Labor’s coal, manufacturing pledge for Central Queensland
Two federal Labor politicians have made their party’s pitch to Central Queensland during a tour of the region, but there’s still no word on who will run for the key seat of Capricornia.
Queensland Senator and Shadow Minister for Northern Australia Murray Watt and member for Watson and Shadow Minister for Industrial Relations Tony Burke revealed Labor’s stance on mining and manufacturing when they visited the Keppel Brand factory at Yeppoon on April 20.
Speaking outside the crumbed sausage and dagwood dog manufacturer’s site, Mr Watt and Mr Burke made a jobs-centred pitch to make sure casual and labour hire employees got the same pay for the same work, to increase manufacturing, and keep exporting coal.
“What Labor’s about in Central Queensland is more jobs in more industries,” Mr Watt said.
“We’ve just been out in Moranbah, one of the biggest coal mining hubs in this country, speaking with mine workers and showing very clearly that we support the work that they do.
“But we also want to see some more jobs come out of some of the emerging industries like renewables, and I think that’s one of the most exciting things about Central Queensland.
“We’ll continue to support exporting coal from Central Queensland for a long time to come, because that’s needed to make steel around the world.”
He said that was not to say no to new hydrogen and renewable energy projects which could bring down power costs.
These announcements come after the Coalition’s shock win in the 2019 Federal Election after polls had predicted a win for Labor.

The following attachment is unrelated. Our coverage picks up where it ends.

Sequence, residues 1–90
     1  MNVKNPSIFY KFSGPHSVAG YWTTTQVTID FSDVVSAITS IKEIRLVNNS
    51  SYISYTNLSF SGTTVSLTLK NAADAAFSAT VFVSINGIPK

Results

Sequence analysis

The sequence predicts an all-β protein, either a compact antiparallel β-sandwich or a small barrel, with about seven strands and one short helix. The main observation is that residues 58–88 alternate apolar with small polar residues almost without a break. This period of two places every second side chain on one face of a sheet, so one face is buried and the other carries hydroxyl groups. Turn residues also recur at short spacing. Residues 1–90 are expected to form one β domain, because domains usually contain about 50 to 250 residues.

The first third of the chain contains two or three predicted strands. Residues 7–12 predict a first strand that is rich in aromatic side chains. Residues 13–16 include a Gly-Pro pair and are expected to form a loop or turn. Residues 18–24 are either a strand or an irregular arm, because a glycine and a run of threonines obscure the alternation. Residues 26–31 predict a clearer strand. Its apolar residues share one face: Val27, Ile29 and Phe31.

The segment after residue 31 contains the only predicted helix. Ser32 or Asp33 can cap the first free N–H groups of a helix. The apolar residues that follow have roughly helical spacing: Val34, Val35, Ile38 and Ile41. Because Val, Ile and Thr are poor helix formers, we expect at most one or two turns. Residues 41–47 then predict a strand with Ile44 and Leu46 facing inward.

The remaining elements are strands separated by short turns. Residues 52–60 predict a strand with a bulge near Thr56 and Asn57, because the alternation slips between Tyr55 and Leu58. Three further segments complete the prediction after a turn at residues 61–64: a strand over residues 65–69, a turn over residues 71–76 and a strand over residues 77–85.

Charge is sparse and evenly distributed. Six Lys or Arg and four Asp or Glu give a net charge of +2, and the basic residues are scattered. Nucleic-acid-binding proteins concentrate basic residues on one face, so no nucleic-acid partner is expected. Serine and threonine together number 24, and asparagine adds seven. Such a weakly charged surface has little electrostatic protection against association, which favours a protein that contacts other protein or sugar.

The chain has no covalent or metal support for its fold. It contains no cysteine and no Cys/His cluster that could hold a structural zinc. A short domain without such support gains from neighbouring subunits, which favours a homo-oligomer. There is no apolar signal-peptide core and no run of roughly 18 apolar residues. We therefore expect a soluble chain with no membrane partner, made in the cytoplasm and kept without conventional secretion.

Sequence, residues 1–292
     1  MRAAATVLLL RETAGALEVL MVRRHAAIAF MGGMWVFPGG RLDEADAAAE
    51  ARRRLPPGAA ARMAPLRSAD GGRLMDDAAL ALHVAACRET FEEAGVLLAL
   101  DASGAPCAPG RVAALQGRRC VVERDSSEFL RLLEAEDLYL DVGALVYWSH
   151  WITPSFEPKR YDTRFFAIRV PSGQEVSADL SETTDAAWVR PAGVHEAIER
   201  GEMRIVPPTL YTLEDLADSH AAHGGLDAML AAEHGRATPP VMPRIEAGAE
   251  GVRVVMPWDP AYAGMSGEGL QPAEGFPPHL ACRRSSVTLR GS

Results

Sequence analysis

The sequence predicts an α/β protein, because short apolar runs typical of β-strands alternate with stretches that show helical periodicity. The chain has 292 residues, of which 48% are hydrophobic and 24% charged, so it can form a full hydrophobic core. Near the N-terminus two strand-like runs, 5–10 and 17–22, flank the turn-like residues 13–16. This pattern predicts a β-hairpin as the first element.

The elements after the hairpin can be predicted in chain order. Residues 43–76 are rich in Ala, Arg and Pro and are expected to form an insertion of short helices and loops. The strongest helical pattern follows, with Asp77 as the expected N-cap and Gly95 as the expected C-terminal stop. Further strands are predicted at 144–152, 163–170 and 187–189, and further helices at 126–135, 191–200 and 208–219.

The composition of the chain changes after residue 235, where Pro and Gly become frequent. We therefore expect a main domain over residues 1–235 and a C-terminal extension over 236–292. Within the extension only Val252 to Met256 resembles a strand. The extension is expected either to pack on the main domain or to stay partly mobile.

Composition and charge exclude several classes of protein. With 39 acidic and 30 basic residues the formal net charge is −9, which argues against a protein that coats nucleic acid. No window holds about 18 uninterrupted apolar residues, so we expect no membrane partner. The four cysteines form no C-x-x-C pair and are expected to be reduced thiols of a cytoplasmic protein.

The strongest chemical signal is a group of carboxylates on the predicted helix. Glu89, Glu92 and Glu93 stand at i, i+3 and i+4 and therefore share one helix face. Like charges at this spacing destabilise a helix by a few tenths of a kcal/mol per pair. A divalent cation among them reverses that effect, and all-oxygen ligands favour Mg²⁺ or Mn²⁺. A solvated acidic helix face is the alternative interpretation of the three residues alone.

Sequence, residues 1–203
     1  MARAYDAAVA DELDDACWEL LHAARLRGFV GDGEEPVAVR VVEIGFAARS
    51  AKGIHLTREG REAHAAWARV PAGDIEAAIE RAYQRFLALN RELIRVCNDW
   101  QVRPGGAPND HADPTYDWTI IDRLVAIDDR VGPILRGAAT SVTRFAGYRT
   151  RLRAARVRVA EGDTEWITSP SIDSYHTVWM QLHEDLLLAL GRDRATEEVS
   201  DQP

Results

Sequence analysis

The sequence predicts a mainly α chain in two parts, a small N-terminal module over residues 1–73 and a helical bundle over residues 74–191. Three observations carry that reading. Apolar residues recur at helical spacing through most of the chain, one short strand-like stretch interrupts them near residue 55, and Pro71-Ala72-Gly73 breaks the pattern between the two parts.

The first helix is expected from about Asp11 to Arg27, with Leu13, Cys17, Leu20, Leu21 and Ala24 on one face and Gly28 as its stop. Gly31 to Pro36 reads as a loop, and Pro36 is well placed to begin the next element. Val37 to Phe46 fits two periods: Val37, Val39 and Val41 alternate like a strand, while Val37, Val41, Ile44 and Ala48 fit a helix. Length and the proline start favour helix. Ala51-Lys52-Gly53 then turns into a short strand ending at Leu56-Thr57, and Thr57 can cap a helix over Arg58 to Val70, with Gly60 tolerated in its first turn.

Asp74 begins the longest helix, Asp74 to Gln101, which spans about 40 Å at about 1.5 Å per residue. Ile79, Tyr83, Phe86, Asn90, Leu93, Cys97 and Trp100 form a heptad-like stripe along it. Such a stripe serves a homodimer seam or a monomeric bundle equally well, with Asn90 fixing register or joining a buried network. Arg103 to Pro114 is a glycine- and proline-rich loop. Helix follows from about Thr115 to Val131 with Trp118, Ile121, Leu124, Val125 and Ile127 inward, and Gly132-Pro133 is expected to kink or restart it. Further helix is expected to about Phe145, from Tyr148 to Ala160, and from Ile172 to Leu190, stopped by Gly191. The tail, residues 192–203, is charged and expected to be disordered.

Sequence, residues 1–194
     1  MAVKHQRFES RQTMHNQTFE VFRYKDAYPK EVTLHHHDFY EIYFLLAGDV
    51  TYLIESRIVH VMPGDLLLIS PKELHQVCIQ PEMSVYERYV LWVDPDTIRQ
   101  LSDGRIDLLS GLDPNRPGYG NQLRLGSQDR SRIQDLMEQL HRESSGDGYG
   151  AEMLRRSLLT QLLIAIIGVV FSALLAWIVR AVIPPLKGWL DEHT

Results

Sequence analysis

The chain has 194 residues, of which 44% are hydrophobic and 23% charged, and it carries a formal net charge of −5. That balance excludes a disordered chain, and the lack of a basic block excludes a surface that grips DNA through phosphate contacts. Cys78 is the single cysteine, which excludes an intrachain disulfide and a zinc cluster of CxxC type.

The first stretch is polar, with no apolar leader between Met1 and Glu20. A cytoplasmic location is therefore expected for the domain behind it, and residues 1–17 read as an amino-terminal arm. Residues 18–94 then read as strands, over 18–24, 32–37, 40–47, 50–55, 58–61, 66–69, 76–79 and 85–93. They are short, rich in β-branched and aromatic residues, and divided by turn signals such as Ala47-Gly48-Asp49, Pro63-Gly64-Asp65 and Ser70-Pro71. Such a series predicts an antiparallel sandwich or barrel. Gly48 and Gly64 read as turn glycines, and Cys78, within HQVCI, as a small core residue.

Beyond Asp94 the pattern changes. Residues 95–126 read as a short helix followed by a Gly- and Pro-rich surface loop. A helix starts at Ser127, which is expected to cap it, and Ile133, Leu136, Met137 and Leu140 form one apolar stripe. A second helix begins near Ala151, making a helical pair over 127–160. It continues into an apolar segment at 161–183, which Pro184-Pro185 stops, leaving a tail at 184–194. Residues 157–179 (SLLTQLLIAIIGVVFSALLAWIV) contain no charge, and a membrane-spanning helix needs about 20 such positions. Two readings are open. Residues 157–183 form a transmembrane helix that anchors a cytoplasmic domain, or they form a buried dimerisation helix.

LNP seats like Capricornia, Flynn, and Dawson, which were marginal after the 2016 election, swung heavily against Labor in the 2019 election.
Many believe this swing was due to Labor’s environmental policies and the Stop Adani campaigns led by Greens founder Bob Brown, which were met with disdain from residents in Clermont, Rockhampton, and Emu Park.
Now Labor is promoting job stability for miners and the continued export of coal.
“The future of our coal industry is in the hands of our customers. As long as there are people in Japan, Korea, in other countries that want to import Australian coal, then we’ll be supplying it to them,” Mr Watt said.
“In some cases it’s going to be about continuing existing mines, in some cases it’s going to be about opening new ones.
“We’re in favour of new mines as long as they meet the environmental safeguards.
“We’re not the Greens, we’re not saying no new coal mines, we’re not saying close down new coal mines, we’re not saying close down coal fired power stations.”
Mr Watt told said he didn’t think there was a contradiction between achieving net zero carbon emissions by 2050 and opening new coal mines, because other initiatives could cancel out the emissions.
Labor leader Anthony Albanese announced on Monday there would be “well-paid jobs” for people mining lithium, copper and nickel for batteries and renewable technologies.